James Clay Fuller

Things We're Not Supposed to Say

Friday, September 21, 2007

A real American hero

At about 2:30 p.m. Friday, Sept. 21, 2007, I got a quick look at a genuine American patriot, a man of courage, conviction and commitment.

No, not some strutting general with all the medals his peers had awarded them, as they award each other, for being in some safe haven near where people are being killed, or for playing war games well, or whatever else all those ribbons truly represent.

Neither was it a soldier who, in desperation or a moment of anger-driven madness, committed some genuine act of physical and perhaps moral courage. (Nor a phony who was given a medal because that's more politically useful than courtmartialing him or her.)

I was headed east on 46th Street in south Minneapolis, about to cross the bridge over Hwy. I35W –- a portion of it that remains open -– on my way to visit a hospitalized friend.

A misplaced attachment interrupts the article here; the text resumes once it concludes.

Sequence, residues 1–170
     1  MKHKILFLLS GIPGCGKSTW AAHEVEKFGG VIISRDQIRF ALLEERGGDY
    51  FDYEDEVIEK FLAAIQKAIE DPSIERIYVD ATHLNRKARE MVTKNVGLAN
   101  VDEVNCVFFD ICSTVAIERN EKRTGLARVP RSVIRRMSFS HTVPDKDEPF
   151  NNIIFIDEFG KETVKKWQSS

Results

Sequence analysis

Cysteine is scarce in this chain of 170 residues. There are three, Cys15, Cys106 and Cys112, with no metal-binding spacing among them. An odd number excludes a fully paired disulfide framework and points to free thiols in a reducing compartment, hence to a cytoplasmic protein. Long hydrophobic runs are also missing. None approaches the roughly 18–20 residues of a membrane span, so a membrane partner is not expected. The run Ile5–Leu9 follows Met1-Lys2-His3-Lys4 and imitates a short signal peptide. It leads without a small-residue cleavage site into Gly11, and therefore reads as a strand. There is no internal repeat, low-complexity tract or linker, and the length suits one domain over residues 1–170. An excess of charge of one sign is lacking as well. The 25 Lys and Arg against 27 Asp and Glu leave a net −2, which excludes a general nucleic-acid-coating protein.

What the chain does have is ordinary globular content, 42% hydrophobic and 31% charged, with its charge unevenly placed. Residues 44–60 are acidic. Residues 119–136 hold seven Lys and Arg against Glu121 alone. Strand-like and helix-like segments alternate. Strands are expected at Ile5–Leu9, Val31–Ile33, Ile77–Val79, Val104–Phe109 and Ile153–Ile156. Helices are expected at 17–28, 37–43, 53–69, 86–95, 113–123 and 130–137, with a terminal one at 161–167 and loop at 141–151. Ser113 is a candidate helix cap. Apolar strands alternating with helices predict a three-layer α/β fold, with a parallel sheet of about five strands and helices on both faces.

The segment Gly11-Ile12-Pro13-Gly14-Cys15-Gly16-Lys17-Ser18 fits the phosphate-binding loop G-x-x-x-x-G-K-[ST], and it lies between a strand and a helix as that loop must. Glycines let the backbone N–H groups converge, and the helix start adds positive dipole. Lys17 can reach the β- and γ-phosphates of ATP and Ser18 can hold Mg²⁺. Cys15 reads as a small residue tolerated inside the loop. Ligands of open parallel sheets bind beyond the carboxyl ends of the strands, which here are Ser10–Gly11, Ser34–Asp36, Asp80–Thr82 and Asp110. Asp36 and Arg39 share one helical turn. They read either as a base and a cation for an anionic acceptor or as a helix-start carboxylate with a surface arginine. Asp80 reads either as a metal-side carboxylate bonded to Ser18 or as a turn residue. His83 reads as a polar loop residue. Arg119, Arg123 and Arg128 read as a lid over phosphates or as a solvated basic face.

At one corner of the bridge, on 46th Street, stood a man, all alone, holding a sign, hand lettered with something like Magic Marker on a piece of cardboard obviously cut from a box.

Across 46th from him, in the spot occupied by some such person for a few hours every day, was a another man, younger, with an equally crude sign that said “Homeless. Please Help. God Bless.” I think they hand off that sign from one to another.

But the sign held by the man I saw first – who was no better dressed nor better trimmed than the beggar -- said “Is it fascism yet?”

He looked embarrassed to be out there, but there he was, holding his little sign where people in the increasing traffic could see it.

I've stood on bridges with signs –- fairly frequently during the run up to Bush/Cheney's war –- but never alone, never when someone else hadn't planned the event and rounded up some of the braver folks among those who hate the waste and stupidity and cupidity of Bush/Cheney's war of greed.

But to go out there alone, just because you're sick of the whole thing, the war and the trampling on the U.S. Constitution, and maybe don't know how else to tell people that the madness must stop -– that's guts.

I'll make a few trips to that spot again, when I can stop, and hope that I find him and can talk to him.